Rights all year roundNHRC needs to undertake structural reforms to make it fit for purpose in the new federal set-up
As the National Human Rights Commission (NHRC) completes 17 years of its operations, it is an opportune time to review the effectiveness of the constitutional body. The NHRC was formed at a time when the Maoists had launched an armed struggle against the state. Human rights violations were committed by both parties—the insurgents and the security personnel. Despite resource constraints in the initial years of its formation, the NHRC did some commendable work under former Chief Justice Nayan Bhadur Khatri. Although various stakeholders, including the executive, sometimes criticise the NHRC’s work, it has so far played an important role in protecting and promoting human rights.
During the insurgency, cases of enforced disappearance were on the rise, and both sides of the conflict were blamed for such cases. The NHRC engaged with both parties and secured the release of many people who were victims of enforced disappearance. When king Gyanendra usurped power in 2005, the NHRC condemned the move and voiced opinion in favour of democracy. NHRC office bearers visited Geneva and lobbied the international community for the restoration of democracy in Nepal. King Gyanendra’s move had raised questions on the NHRC’s autonomy. It was seen as losing its independent constitutional image.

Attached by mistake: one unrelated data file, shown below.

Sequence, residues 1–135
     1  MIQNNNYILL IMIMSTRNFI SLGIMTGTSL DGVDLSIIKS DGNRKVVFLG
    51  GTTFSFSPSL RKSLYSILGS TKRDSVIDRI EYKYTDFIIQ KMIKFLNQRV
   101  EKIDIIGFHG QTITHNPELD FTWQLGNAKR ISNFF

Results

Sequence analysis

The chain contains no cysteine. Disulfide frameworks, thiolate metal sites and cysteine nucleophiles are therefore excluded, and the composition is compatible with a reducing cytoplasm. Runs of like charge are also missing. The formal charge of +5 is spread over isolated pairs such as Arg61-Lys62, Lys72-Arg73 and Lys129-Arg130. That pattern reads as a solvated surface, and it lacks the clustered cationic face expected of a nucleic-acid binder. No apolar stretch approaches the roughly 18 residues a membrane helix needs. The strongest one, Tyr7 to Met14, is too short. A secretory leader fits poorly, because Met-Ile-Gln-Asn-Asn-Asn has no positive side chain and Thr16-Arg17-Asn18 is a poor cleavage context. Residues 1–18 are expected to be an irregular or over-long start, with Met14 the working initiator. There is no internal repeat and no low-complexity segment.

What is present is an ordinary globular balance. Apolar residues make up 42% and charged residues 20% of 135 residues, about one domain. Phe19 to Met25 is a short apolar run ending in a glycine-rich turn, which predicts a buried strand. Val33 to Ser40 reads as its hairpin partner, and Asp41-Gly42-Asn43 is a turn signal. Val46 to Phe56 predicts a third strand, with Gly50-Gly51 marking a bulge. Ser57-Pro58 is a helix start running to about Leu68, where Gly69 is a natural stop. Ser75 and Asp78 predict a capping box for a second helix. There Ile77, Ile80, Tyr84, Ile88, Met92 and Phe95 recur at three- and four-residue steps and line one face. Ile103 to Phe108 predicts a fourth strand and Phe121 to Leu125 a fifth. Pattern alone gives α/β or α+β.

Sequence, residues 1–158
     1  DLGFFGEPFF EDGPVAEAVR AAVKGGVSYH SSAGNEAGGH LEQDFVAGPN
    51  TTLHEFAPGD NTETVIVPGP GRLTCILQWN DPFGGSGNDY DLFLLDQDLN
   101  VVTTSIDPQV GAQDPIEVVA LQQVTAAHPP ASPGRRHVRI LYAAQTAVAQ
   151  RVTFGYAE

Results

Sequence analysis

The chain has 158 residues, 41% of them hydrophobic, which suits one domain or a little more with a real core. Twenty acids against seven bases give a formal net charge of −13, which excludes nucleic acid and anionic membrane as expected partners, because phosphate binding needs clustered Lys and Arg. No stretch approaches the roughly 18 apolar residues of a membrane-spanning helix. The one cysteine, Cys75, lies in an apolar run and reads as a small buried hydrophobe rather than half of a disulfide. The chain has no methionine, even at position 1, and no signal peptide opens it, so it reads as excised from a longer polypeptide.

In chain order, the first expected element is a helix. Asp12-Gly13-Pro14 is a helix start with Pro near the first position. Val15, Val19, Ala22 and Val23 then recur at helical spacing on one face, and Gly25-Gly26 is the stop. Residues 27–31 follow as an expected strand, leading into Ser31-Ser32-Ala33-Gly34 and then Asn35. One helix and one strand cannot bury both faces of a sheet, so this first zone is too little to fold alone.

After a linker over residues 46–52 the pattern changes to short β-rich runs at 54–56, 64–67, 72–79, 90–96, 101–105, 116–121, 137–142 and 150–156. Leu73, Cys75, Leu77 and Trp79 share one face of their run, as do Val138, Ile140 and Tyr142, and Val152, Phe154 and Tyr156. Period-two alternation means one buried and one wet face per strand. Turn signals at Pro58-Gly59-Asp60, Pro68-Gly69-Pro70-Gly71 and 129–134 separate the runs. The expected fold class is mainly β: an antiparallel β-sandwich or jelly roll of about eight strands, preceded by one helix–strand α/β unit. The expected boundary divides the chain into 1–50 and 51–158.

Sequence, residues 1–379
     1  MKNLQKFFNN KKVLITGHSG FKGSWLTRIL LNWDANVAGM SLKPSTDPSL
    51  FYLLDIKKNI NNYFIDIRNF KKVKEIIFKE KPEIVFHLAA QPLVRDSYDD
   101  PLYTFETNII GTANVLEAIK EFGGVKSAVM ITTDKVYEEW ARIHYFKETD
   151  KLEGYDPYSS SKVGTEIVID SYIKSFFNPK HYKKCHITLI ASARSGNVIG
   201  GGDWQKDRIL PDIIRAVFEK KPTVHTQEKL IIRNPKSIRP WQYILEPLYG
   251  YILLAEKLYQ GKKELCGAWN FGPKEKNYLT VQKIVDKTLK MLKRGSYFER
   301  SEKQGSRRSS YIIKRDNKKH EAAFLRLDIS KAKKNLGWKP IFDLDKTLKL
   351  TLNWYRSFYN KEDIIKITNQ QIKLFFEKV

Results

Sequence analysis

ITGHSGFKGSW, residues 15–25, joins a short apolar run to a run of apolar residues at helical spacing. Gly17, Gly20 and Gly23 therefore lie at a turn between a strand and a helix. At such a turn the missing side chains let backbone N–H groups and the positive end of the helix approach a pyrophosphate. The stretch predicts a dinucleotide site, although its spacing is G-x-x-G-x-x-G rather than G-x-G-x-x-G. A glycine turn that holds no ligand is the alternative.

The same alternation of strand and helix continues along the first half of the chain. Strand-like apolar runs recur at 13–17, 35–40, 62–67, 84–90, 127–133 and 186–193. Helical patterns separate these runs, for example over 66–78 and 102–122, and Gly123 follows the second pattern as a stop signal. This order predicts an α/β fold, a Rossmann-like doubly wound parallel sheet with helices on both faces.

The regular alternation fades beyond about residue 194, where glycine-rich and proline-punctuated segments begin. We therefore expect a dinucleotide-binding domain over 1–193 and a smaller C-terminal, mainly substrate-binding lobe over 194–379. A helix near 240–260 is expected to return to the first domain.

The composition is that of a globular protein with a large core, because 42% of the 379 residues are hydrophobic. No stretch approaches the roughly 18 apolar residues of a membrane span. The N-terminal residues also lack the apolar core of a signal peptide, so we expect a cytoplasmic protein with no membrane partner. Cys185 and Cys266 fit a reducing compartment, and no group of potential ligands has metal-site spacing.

Examples of violation
During the Maoist insurgency, the NHRC had a difficult job, as both the rebels and the security personnel indulged in gross human rights violations. A total of 21 Maoist cadres were lined up and killed by security personnel at Doramba in Ramechhap district on August 17, 2003. The NHRC formed a probe team and investigated the case; it subsequently made recommendations to punish the security personnel involved in the incident.
The NHRC also investigated other cases of rights violations committed during the insurgency like the Madi incident in which 39 people, including 12 security personnel, were killed and 72 injured when a powerful bomb planted by the Maoists exploded in a public bus on June 6, 2005. This incident is considered one of the worst human rights violations to have taken place during the insurgency. The NHRC raised the issue as a war crime and breach of International Humanitarian Law. Despite its balanced and neutral approach, the NHRC faces criticism that it has failed to ensure that the government implements its recommendations.
When the Maoists signed a comprehensive peace agreement with the government in 2006, the NHRC played the role of a mediator between the two sides. After the CPA was signed, the NHRC continuously monitored the implementation of the pact. In the post conflict era too, the rights body played an important role in protecting and promoting human rights in the country. For example, during last year’s Madhes movement, the NHRC investigated the killings of protesters, individuals and security personnel in the Madhes and made recommendations. NHRC Chair Anup Raj Sharma visited some of the places in the Tarai where security personnel had shot dead individuals during the movement.